It is best to avoid hugging your dog or cat because, although a tight hug is often a sign of affection between people, it can feel threatening to a dog or a cat. To survive in the wild, dogs and cats had to be able to use their bodies freely and being held down or restrained usually meant they were in serious trouble (such as being caught by a predator). Therefore, instinctively a dog or cat can become afraid when restrained, such as when held in a hug.
Most dog bites in young children occur if the dog is resource guarding (for example, guarding their food) or during seemingly safe interactions such as hugging [1, 2] or petting. Behaviours from children that have the potential to provoke aggression from a dog include rough play or handling, running after or chasing a dog, hugging, kissing, or crawling on a dog, reaching to pet an unfamiliar or neighbourhood dog, teasing, taunting, yelling, screaming, squealing or barking at a dog and reprimanding a dog .
Restraining or hugging cats can cause them to become afraid and frustrated . This is a natural and common response of the cat when they feel they do not have control over a situation and can be associated with aggressive behaviour when they are irritated or restrained . In the wild, cats are a generally alone and the need to be in control is an essential part of their survival behaviour .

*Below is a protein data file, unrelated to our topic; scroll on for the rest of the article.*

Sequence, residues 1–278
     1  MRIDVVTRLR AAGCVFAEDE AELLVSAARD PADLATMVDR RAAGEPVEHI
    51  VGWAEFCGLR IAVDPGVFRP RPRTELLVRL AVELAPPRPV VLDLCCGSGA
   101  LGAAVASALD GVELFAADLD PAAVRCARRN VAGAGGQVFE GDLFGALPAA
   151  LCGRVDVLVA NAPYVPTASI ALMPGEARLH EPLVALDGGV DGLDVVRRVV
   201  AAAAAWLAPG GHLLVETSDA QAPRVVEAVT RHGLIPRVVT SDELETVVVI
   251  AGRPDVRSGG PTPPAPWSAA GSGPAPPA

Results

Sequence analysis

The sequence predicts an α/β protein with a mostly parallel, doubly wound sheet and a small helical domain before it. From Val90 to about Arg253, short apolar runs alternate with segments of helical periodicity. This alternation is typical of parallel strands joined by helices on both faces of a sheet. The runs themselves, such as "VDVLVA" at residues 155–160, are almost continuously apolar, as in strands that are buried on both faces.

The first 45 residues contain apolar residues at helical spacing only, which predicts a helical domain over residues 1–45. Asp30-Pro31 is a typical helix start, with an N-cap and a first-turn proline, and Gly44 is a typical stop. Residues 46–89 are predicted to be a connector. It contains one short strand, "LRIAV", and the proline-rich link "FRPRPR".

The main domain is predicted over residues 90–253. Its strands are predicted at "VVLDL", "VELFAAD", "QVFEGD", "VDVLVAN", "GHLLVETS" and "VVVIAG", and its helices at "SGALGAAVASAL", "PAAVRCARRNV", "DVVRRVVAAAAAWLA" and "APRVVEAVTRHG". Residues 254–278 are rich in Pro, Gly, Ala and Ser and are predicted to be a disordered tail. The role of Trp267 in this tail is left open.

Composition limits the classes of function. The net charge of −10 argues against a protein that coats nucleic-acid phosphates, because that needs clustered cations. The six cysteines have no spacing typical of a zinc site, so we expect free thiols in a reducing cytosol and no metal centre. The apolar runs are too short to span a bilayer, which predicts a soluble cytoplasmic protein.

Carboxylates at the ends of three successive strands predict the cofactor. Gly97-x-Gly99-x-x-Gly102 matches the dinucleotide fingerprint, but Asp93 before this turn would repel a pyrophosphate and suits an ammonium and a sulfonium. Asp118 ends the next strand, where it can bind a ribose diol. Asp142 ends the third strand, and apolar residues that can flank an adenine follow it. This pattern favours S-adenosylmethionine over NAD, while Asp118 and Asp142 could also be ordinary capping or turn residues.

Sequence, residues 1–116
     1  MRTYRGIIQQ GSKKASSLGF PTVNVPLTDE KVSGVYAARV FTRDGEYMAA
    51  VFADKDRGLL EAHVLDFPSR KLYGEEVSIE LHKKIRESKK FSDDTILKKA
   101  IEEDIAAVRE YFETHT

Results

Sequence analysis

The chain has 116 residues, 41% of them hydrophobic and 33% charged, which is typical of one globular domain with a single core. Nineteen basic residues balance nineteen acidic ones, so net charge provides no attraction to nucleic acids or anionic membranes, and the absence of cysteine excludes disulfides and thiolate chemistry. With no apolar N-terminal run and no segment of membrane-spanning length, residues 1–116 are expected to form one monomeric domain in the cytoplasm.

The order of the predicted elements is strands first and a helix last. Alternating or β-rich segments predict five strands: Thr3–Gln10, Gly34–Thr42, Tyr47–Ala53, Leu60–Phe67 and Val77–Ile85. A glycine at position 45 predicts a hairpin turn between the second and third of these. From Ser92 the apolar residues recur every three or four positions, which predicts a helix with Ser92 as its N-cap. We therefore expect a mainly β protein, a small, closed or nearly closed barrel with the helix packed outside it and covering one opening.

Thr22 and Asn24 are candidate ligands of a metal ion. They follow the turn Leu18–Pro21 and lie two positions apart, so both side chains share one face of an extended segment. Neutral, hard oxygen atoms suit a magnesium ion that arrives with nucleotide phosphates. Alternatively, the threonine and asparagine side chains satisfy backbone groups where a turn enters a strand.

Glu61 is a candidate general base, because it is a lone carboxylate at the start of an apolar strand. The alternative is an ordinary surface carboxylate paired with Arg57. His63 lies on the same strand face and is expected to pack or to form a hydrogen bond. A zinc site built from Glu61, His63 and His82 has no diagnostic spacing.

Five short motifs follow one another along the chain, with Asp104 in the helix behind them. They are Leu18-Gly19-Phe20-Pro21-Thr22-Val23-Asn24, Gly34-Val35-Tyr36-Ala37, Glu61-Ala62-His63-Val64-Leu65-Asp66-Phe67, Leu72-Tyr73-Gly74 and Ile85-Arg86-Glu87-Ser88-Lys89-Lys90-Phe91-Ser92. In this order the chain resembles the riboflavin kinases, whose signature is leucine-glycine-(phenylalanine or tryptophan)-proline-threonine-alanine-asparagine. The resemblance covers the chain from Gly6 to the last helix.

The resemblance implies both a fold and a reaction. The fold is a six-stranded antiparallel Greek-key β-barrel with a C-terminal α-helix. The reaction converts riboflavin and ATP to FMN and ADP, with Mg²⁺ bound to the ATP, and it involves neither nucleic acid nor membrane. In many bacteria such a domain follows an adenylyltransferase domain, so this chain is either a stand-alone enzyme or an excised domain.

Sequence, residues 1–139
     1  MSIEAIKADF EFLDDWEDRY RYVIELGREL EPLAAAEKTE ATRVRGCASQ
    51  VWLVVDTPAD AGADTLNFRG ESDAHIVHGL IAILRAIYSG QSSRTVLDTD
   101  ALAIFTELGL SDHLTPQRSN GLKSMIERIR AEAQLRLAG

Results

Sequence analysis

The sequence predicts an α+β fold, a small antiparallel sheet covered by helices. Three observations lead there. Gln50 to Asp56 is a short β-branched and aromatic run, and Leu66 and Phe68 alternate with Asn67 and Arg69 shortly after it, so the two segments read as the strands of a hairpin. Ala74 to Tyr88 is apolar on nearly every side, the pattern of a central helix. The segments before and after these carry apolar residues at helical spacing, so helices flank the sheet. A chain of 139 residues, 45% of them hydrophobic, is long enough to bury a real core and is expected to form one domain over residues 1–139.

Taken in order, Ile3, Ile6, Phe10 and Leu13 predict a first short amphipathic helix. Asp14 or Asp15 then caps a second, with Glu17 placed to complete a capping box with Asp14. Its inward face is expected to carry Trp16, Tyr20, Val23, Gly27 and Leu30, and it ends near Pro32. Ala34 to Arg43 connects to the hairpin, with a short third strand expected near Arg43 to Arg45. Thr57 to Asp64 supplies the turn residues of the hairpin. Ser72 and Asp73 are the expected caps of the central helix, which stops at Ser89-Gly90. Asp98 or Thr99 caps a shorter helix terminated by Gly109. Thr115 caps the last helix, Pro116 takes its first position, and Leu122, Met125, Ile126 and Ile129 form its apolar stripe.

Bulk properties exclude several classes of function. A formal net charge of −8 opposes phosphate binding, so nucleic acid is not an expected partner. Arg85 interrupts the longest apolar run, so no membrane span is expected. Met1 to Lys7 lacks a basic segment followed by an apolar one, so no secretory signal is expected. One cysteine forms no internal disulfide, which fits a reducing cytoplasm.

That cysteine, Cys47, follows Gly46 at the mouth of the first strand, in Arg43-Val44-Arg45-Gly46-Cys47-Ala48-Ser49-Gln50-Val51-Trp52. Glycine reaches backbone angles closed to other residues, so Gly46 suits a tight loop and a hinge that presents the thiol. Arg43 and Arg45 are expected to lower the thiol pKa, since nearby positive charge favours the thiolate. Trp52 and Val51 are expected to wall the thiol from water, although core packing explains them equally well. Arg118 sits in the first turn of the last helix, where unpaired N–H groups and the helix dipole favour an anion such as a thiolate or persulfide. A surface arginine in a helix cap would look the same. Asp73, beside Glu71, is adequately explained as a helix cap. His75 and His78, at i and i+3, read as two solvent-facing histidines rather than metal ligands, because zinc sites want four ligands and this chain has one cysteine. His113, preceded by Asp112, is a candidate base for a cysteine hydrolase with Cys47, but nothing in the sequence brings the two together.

In general, it is best for both adults and children to avoid hugging their pets and instead interact with gentle pets/strokes for dogs preferably along their shoulders avoiding the top of the head and chin or face rubs/strokes/scratches for cats.
 Reisner I, Shofer F, Nance M (2007) Behavioral assessment of child-directed canine aggression. Injury prevention: Journal of the International Society for Child and Adolescent Injury Prevention, 13: 348-51.
 Landsberg G, Hunthausen W, Ackerman L (2012) Behavior Problems of the Dog and Cat. Elsevier Health Sciences.
 Shaw J, Martin D (2014) Canine and Feline Behavior for Veterinary Technicians and Nurses. John Wiley & Sons.
 Heath S (2018) Understanding feline emotions: … and their role in problem behaviours. Journal of Feline Medicine and Surgery, 20(5): 437–444.